Charles J. Sykes wrote a book, entitled Dumbing Down Our Kids; Why American Children Feel Good about Themselves, But Can’t Read, Write, or Add. We have known that many American children and youth do not measure up to others around the world, especially in math and science. We are a culture of video games and reality/unreality television, idolization of movie stars and Miley Cyrus.
But recently, a Washington Post article reported that American adults, too, scored below the international average on a global test which measured literacy, math and problem-solving in technology-rich environments. Researchers tested about 166,000 people ages 16 to 65 in more than 20 countries and sub-national regions.
Adults in Japan, Canada, Australia, Finland and multiple other countries scored significantly higher than the United States in all three areas on the test. Other than basic reading and math, respondents were tested on activities such as calculating mileage reimbursement due to a salesman, sorting email and comparing food expiration dates on grocery store tags.
There are many types of intelligence. Some folks are knowledgeable, but lack common sense. And then there are those that Albert Einstein allegedly described this way: “Two things are infinite: the universe and human stupidity; and I’m not sure about the universe.”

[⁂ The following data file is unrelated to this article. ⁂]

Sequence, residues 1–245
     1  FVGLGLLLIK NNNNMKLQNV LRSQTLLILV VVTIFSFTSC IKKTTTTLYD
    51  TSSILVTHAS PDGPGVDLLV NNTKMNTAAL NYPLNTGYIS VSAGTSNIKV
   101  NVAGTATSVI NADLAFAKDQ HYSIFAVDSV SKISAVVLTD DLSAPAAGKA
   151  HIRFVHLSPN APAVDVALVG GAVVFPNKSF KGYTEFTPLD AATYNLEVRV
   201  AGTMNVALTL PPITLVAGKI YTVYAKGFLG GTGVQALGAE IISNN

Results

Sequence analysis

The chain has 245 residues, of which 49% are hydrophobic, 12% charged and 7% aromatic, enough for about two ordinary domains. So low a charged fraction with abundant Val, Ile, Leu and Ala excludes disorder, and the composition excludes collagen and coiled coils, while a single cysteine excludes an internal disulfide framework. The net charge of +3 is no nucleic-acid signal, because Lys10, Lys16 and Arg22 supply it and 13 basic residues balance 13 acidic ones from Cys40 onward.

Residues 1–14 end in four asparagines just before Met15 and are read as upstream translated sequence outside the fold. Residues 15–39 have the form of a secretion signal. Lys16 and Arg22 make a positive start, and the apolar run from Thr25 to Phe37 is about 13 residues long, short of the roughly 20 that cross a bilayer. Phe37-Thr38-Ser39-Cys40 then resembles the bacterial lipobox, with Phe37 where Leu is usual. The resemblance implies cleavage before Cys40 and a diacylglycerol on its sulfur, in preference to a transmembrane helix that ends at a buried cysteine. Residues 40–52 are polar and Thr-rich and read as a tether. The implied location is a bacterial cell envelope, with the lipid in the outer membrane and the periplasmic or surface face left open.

Oh wait, we know about this first-hand: our elected officials in Washington D.C. refuse to work together and have shut down the American government. Approval ratings for our elected officials are at an all- time low. Greed, power, and the government infrastructure are debilitating our country, our international standing and more.
If these failures continue, we are going to be thrown back to an era where we are forced to depend on our local and regional communities to work together for the common good. Maybe we should start practicing more compromising, communicating and compassionate living.
‑ Karen Helsel, a resident of Sunnyside, is a certified mental health counselor. She can be reached at firstname.lastname@example.org, and will appreciate your feedback and humor sightings.